On the 4th of June this year Egypt’s first National Convention of Women took place. Women (and some men who support them) were gathering to make their voices heard. After playing a leading role in the January 25th revolution that ended the dictatorship of Hosni Mubarak, they were worried about the signs that the process of transition to a new constitutional system would sideline them. The Alliance for Arab Women and the Egyptian Women Coalitions therefore embarked on a process of drafting a Women’s Charter that spells out the things the women of Egypt need to see in the country’s new constitution. The process included discussions in 27 of Egypt’s governorates and a signature campaign that collected half a million signatures by June.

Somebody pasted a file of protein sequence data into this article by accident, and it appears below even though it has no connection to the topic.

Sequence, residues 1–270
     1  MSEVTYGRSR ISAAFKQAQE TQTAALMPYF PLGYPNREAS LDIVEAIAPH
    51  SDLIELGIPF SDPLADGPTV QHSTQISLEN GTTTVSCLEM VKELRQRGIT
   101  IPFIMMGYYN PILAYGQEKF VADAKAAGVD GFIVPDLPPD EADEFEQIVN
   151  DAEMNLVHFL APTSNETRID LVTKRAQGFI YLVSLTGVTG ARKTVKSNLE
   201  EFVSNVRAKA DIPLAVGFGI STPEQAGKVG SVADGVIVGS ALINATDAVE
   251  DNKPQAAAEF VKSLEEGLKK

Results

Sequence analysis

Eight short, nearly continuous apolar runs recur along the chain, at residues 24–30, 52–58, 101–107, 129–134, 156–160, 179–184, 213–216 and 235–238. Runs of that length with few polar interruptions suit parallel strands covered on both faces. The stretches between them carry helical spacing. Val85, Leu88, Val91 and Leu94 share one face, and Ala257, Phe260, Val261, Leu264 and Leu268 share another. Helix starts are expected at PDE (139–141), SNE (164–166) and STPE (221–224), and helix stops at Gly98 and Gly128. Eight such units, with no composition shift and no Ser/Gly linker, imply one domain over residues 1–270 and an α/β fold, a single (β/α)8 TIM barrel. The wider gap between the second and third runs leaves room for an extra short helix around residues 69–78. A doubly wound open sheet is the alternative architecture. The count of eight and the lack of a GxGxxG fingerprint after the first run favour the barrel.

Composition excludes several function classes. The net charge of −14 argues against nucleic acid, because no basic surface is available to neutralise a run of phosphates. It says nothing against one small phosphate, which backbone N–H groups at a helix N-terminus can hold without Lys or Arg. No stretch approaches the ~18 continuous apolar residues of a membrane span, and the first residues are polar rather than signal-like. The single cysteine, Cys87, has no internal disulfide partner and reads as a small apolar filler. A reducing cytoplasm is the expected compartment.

The process and content of the Egyptian Women’s Charter shows a striking similarity to that of the Women’s Charter for Effective Equality adopted by the National Convention of the Women’s National Coalition in February, 1994 in South Africa. The South African Charter came out of similarly motivated concerns, was drafted through public discussions, supported by millions of signatures and spelt out what women needed in the constitution South Africa was in the process of creating.
The similarity of the two Charter processes allow for the drawing of useful lessons for Egyptian ‘charterists’ from the earlier South African experiences and specifically from the outcomes of the South African charter. What is the situation for women in South Africa today? What does this say about the success of the Women’s Charter? What lessons can the supporters of the Egyptian Women’s Charter learn from the experiences of their South African counterparts?
(This post appeared originally here: http://permanentrebel.blogspot.com/2011/08/making-womens-charters-in-egypt-and.html. Thanks to Ronald for the collaboration!)